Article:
Since 1979 development in NSW has been regulated by the NSW Planning Act. This uses Local Environment Plans (LEPs) and Development Control Plans (DCPs) to control and guide new development. These plans have been prepared by the local Council.
However, the Act does not stop developers lodging opportunistic development proposals that propose buildings that do not comply with an LEP or DCP. These are known as Planning Proposals or Spot Rezonings. More and more of such proposals are being approved by state government appointed planning panels.
Last year, the State Government initiated another planning process to sit between the state strategic plans and a Council’s LEP. This is known as Local Strategic Planning Statements (LSPS). On the surface of it, such a process makes some sense. However, it is the LEP only that has legislative ‘teeth’.
In a recent communique from the Department of Planning they advised once a LSPS has been adopted by a Council “all new planning proposals will be required to align with a Council’s LSPS“. This appears to allow the planning panels to by-pass a Council’s LEP. The term ‘align‘ is not defined. As LSPSs are high level strategic documents it would seem easy for a panel to declare that a Spot Rezoning is justified. So instead of a Council preparing an LEP this will now effectively be undertaken by a planning panel endorsing a non-complying application.
The Minister for Planning and his Head of Department have declined an invitation from the Federation of Willoughby Progress Associations (FWPAs) to discuss the issue. It is hoped that the Federation will further raise the issue with the Mayor and the Premier.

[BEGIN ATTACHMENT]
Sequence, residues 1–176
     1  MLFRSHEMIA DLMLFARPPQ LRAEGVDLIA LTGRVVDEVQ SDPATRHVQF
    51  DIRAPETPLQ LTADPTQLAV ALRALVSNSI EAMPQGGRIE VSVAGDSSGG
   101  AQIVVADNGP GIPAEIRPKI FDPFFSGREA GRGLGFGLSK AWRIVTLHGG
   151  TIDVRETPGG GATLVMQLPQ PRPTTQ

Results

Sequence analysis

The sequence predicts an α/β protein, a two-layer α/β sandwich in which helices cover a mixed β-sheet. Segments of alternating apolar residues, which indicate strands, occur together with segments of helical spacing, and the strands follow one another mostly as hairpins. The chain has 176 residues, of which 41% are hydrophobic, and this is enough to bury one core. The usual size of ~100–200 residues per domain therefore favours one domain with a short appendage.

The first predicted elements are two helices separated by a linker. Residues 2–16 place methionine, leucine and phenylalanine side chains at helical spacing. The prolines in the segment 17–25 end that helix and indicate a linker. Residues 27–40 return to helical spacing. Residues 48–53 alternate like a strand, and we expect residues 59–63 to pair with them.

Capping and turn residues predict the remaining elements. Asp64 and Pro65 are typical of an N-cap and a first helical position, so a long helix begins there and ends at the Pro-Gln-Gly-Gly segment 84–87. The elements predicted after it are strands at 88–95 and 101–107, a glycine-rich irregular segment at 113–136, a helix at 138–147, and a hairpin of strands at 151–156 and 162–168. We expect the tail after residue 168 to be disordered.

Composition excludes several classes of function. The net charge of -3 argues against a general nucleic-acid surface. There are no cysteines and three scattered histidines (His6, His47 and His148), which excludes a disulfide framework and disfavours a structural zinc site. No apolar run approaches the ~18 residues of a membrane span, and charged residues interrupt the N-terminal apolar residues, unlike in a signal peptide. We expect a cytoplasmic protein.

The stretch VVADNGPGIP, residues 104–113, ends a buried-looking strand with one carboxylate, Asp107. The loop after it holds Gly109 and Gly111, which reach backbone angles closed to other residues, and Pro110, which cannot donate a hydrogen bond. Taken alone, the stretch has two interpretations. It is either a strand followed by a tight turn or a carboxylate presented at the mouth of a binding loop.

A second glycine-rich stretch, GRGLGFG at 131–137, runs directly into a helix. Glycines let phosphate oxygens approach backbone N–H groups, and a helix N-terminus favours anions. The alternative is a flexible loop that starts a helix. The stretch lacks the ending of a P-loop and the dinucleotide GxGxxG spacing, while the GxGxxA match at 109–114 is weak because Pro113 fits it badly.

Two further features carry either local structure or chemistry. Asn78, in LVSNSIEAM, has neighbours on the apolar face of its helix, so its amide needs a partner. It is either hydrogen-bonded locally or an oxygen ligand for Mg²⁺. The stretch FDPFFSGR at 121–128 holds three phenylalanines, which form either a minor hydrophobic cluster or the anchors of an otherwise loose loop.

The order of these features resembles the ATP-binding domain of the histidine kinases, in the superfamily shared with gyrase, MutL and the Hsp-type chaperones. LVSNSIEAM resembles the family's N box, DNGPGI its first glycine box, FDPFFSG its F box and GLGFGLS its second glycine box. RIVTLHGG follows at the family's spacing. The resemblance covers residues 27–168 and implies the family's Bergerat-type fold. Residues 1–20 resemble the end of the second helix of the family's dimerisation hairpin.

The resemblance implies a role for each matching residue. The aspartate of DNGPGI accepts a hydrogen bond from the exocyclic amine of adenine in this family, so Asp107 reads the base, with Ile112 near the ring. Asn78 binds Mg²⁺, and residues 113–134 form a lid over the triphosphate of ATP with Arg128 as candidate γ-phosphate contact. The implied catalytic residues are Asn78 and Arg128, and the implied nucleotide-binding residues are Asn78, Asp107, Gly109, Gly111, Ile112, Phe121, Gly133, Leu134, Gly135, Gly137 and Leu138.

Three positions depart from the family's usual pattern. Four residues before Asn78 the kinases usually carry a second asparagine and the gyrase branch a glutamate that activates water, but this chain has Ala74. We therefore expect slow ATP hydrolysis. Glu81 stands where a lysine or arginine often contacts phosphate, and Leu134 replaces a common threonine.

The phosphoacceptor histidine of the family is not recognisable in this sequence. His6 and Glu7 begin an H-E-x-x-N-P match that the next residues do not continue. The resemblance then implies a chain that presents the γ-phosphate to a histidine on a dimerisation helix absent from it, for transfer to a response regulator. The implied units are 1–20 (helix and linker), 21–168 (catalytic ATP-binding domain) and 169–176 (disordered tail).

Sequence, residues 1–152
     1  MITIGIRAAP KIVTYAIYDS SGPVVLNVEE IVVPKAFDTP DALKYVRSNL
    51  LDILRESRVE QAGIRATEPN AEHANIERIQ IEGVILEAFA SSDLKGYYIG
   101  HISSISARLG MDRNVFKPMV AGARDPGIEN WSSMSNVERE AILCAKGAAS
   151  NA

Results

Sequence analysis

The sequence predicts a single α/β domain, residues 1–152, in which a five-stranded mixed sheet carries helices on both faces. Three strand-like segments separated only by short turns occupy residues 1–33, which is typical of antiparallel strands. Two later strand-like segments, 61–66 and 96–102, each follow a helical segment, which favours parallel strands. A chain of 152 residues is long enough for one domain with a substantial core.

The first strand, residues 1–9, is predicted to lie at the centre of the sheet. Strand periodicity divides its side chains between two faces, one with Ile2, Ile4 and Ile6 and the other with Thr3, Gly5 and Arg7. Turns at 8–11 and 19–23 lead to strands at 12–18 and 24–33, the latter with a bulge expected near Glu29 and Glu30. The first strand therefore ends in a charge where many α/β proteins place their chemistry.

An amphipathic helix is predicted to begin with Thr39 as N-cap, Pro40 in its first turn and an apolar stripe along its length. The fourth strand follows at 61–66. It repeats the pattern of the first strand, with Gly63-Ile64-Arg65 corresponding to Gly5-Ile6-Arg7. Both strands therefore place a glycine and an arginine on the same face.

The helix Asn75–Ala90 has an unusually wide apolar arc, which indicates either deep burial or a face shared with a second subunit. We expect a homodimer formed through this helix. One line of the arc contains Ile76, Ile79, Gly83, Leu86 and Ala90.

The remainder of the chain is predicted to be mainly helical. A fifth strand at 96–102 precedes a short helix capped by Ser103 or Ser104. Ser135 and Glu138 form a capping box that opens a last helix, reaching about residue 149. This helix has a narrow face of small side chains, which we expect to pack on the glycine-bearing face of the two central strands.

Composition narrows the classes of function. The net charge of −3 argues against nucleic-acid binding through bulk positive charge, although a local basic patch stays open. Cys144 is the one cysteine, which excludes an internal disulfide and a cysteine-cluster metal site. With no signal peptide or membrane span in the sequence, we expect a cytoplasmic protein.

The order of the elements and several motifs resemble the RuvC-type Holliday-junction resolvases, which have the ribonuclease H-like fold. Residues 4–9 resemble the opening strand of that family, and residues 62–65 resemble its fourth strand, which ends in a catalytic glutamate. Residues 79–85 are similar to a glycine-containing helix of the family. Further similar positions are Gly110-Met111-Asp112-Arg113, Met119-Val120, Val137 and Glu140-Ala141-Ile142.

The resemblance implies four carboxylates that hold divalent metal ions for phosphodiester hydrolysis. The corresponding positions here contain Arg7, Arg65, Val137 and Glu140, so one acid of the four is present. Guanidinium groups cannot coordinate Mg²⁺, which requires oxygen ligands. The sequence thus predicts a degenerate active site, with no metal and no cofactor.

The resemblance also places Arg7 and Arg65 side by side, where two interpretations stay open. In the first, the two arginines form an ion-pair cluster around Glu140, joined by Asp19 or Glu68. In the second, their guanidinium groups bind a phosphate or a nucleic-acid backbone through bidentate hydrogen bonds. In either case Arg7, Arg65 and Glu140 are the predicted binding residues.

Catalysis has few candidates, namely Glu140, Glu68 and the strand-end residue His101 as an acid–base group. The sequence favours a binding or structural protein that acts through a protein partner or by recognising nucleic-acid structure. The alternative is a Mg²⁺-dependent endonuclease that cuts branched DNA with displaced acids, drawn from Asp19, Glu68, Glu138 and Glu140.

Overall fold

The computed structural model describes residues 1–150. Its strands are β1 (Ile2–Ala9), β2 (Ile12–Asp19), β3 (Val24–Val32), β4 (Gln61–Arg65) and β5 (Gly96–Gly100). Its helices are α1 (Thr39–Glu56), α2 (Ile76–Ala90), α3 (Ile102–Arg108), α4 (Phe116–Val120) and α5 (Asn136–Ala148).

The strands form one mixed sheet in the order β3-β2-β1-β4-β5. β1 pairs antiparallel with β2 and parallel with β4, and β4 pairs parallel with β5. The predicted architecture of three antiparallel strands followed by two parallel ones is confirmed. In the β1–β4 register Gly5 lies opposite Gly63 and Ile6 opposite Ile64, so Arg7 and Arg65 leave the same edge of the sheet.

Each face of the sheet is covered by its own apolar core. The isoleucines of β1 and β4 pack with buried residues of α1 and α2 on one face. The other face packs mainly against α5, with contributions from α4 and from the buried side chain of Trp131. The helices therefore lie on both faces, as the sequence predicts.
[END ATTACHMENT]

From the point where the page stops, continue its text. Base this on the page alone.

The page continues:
It was refreshing to note recently that Willoughby has one of the lowest use of cocaine in Sydney. Along with many urban fringe areas, Willoughby was ranked in the lowest classification. Ryde, Lane Cove, Hunters Hill and Mosman have substantially higher use whilst North Sydney has the highest usage on the North Shore.
Images: Sydney Morning Herald 8 June 2019.
The new Metro North driver-less train service from Rouse Hill to Chatswood via Epping has opened to mixed reviews.
On its opening day, not unexpectedly, there were huge queues at Chatswood Station for a free ride.
Whilst there have been a couple of technical glitches it is probably too early to judge the reliability of the service.
The re-development of Chatswood Golf Club is still being initially assessed by Willoughby Council. If they find that the proposal is compatible with the site.If the initial assessment is positive we hope that the plans are placed on public exhibition before being considered by the Sydney North Planning Panel.
As part of its initial assessment, Council advised the club that it would not support and loss of private recreational space on the site.
The club is looking to provide a retirement village on the site along with improved facilities for its members and the public,
If you wish to stay informed about this application you could write to Council and/or your ward councillors requesting that you be kept informed of the progress of the application.
A report on the project was recently written by the North Shore Times.
Old M40 New 140
One of the Sate Government’s better initiative is no more. Namely the RED M40 buses. In their wisdom, these have been replaced with standard BLUE buses with a 140 route number.
The route and timetable stays the same. Just most of the red buses and the M40 designator have gone.
What a joke.
From this to this ?
Council officers are supporting a ‘spot re-zoning’ of 1A-29 Bowen Street & 6-18 Moriarty St.
The Planning Proposal seeks to amend Willoughby Local Environmental Plan 2012 to change the zoning for the sites and adjacent roadway at Bowen Street from R2 Low Density Residential to R4 High Density Residential, allow a building height of up to 30 metres and a Floor Space Ratio up to 2.5:1 (including 7% residential GFA to be affordable housing).